Most affectual however, is Ekirch's claim that by losing the night, we are somehow losing a bit of ourselves: "With the transition to a new pattern of slumber, at once consolidated and more compressed, increasing numbers lost touch with their dreams and, as a consequence, a traditional avenue to their deepest emotions" (335). And several pages later, Ekirch writes, "truly a twenty-four/seven society in which traditional phases of time, from morning to midnight, have lost their original identities" (339). As I have conducted this experiment, I have come to think that maybe Ekirch has a point. I'm not sure I agree with him in a lost of 'original identity' - who could ever say what that is? - but I do agree that I feel much more in touch with my individual self - my self apart from the bustle of societal pressures and guidelines. I still am unable to tell whether or not my dreams are more vivid when I sleep in segments, but this may be due to the fact that my dreams have always been vivid.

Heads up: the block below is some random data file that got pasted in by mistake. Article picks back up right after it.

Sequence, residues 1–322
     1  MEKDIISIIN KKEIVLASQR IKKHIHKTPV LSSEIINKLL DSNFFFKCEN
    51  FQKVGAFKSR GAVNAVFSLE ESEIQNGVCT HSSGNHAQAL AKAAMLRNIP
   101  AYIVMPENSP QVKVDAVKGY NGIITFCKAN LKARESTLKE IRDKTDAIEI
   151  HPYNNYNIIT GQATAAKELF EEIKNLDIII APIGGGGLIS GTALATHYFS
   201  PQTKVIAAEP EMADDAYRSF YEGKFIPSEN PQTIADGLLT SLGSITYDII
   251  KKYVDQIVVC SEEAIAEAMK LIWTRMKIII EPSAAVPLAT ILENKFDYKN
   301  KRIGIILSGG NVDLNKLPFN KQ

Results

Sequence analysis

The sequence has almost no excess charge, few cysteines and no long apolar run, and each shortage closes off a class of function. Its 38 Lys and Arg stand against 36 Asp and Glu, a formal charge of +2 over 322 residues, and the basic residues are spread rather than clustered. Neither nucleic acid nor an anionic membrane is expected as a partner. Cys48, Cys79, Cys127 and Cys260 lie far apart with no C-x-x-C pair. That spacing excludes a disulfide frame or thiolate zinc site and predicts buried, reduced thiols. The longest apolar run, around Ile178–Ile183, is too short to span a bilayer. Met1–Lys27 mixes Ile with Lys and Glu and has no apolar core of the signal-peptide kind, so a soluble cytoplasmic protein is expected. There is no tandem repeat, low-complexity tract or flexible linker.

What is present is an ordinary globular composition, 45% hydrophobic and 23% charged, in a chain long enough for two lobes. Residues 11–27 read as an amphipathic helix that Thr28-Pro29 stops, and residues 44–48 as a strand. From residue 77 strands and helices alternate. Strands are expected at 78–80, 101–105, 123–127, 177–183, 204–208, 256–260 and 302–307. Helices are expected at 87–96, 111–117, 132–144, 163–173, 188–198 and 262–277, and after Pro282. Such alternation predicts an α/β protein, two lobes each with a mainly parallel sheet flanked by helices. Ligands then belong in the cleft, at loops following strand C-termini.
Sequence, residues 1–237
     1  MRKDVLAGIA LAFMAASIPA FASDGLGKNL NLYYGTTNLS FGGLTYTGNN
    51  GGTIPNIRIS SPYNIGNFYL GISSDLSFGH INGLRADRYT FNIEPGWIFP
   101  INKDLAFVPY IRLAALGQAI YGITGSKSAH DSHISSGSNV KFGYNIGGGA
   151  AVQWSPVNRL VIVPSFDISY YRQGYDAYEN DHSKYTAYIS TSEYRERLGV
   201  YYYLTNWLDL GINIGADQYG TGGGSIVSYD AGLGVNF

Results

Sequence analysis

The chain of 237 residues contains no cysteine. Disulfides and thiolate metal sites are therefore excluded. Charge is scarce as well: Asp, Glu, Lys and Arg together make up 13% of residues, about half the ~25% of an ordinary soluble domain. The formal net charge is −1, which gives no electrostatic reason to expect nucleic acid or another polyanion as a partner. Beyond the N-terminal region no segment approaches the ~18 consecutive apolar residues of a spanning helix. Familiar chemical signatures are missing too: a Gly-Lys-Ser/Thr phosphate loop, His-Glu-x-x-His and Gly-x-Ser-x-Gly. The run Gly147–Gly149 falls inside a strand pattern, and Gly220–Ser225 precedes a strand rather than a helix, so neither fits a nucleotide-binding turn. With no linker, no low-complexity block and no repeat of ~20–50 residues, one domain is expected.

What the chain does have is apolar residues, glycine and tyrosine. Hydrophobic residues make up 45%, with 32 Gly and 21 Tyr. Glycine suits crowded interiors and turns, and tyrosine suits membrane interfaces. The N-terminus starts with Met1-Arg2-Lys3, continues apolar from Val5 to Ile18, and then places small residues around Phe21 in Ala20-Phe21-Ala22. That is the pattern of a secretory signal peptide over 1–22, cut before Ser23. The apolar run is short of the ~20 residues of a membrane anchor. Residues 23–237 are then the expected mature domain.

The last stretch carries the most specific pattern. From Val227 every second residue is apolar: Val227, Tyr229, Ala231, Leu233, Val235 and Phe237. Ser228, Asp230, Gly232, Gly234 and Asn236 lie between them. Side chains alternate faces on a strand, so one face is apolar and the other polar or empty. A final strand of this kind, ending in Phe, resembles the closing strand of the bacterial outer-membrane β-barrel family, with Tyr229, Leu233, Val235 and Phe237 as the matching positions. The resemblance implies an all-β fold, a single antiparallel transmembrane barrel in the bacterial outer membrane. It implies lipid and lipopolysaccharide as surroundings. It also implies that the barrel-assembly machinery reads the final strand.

Someone asked me (in jest) whether or not our movement out of segmented sleep counts as evolution - clearly it wasn't an evolutionary move, as people changed to seamless sleep in their own singular lifetimes, but did they lose their identities in some way? I don't think so - I envision identity to be akin to matter - it doesn't ever disappear - it just changes into something else.